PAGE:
Joshua Bell is a violinist, one of the world’s greatest classical musicians. The Washington Post a few years ago did an experiment where they put him in a DC metro station wearing a pair of jeans, a long-sleeved T-shirt and a Washington Nationals baseball cap. Like a street musician. He’s got an open violin case in front of him so people can put money in.
It’s about 8 a.m. on a Friday, morning rush hour. He plays for 45 minutes, and 1,097 people pass through the area where he’s playing.
Before watching the video, you may want to consider out of that many people — more than 1,000 — how many will recognize the quality for what it is? How many will stop and listen? How much money will he make?
Before you answer, keep in mind that he’s not going to play popular tunes that a lot of people will recognize. He’s not going to play Star Wars, he’s not going to play Disney songs. That’s not the experiment. These are enduring masterpieces.
The piece you’ll hear at the beginning is “Chaconne” by Bach. It’s like the Stairway to Heaven of violin solos. Brahms, also a famous composer — not as famous as Bach but still pretty famous — said: “If I imagined that I could have created, even conceived the piece, I am quite certain that the excess of excitement and earth-shattering experience would have driven me out of my mind.”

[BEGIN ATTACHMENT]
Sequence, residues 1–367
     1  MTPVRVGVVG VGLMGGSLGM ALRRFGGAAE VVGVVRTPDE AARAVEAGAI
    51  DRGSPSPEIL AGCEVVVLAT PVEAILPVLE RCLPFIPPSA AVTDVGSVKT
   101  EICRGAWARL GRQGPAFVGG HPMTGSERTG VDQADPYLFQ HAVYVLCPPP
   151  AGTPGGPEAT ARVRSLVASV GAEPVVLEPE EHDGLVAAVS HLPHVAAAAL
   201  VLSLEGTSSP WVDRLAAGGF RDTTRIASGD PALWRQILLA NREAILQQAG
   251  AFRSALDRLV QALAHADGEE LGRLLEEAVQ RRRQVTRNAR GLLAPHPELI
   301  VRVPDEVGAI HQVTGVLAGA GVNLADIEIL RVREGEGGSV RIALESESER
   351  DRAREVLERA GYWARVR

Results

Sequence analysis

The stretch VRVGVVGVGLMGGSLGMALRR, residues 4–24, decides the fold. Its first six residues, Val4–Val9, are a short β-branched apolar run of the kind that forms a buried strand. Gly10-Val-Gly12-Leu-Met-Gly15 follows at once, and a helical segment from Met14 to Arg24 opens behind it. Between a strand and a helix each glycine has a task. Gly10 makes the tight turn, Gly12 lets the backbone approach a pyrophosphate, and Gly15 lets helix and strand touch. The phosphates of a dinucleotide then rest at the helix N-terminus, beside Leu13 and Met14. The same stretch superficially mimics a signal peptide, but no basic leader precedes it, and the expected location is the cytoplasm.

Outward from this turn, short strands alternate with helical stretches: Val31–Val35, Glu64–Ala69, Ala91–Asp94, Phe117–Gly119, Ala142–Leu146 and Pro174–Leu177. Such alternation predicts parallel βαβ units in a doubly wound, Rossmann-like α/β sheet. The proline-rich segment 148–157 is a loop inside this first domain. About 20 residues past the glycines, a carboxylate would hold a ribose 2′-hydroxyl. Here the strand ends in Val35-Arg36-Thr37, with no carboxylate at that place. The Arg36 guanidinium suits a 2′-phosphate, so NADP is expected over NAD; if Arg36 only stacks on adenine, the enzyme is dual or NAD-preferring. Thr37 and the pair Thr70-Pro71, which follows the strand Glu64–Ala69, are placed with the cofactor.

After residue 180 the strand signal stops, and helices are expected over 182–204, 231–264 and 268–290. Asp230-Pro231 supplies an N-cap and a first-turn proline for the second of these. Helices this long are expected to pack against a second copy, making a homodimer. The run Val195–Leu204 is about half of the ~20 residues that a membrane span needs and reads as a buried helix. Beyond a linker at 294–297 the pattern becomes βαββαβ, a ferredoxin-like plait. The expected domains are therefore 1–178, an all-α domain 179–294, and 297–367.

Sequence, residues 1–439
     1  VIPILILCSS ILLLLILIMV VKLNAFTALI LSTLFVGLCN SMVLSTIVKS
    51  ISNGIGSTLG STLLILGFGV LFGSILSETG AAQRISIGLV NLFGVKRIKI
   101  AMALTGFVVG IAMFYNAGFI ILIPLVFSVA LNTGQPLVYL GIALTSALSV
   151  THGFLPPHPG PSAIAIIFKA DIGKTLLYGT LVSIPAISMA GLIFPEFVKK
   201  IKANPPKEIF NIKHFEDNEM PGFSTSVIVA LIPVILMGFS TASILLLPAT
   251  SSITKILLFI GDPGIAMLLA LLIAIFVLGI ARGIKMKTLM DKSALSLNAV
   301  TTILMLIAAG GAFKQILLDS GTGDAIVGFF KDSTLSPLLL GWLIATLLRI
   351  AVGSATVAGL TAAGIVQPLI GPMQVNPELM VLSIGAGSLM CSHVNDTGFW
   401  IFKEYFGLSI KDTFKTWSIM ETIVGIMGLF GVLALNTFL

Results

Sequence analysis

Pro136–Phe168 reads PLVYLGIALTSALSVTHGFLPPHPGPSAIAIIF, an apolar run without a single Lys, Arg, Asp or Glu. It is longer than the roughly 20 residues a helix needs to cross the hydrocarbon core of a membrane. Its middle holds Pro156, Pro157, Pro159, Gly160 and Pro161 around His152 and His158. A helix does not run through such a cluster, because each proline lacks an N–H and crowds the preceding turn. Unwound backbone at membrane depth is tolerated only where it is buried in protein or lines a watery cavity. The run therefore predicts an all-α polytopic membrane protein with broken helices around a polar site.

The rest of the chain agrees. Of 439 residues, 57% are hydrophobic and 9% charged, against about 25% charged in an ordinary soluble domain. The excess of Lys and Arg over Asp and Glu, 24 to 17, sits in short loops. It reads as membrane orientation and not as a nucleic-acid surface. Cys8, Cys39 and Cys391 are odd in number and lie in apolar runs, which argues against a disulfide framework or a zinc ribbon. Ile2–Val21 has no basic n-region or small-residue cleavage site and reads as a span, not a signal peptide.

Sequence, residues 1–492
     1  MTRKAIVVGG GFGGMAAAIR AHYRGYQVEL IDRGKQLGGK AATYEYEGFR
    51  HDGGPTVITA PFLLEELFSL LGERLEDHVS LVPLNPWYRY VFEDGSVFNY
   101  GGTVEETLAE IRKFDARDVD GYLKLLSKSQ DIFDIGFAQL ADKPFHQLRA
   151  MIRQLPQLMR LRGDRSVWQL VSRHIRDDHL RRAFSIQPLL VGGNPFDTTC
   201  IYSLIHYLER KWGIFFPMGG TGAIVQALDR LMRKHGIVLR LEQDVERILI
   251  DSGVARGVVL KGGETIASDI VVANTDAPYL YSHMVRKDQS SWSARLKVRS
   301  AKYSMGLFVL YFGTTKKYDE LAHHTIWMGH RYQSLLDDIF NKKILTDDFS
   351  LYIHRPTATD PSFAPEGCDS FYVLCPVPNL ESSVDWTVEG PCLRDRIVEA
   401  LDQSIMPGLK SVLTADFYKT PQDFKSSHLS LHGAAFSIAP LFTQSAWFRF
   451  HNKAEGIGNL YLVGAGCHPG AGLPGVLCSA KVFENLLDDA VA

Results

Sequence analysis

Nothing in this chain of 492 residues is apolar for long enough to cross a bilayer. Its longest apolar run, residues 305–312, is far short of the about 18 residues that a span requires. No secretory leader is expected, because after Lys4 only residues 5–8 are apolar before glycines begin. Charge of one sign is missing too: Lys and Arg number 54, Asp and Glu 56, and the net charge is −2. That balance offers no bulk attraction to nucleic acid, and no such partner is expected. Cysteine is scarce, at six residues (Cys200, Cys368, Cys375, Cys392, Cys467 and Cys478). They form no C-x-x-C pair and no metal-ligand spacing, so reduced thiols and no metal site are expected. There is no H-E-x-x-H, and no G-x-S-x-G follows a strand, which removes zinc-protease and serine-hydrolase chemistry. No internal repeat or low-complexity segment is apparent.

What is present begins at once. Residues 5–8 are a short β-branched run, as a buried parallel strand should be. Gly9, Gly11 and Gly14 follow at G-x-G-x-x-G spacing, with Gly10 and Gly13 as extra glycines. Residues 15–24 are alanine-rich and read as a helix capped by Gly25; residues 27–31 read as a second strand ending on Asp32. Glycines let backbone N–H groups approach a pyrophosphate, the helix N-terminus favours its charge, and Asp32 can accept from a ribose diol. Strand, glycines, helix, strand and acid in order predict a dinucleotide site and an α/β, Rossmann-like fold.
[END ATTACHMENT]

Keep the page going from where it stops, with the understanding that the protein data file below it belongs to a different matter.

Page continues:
The violin he’s playing is a Stradivarius handcrafted in 1713. Price tag? $3.5 million. So he’s got a good fiddle. That’s not the problem.
Americans . . . we’re busy, busy, busy. It’s amazing, funny and dismaying at the same time.
In 45 minutes, seven people stopped what they were doing to listen for at least a minute, 27 gave money for a total of $32.17. That leaves 1,070 people who completely ignored what was happening right in front of them.
As it happens, exactly one person recognized Bell. She enters the video around the 1:35 mark. For the record her name is Stacy Furukawa, a demographer at the Commerce Department.
“It was the most astonishing thing I’ve ever seen,” Furukawa said. “Joshua Bell was standing there playing at rush hour, and people were not stopping, and not even looking, and some were flipping quarters at him! I was thinking, Omigosh, what kind of a city do I live in that this could happen?”
Well, she lives in one of the (allegedly) most cultivated cities in America. This is not Bakersfield . . . it’s not Des Moines, Iowa. No offense to people from Iowa but in Iowa they’d just call the cops and have the guy thrown out of there.
What I was hoping you might contemplate is — what might we be missing in our haste to catch the subway, get to work, meet expectations, prove that we belong and keep up with all the minutiae of life?
What might we be missing that’s right in front of us and we’re failing to see the beauty of it?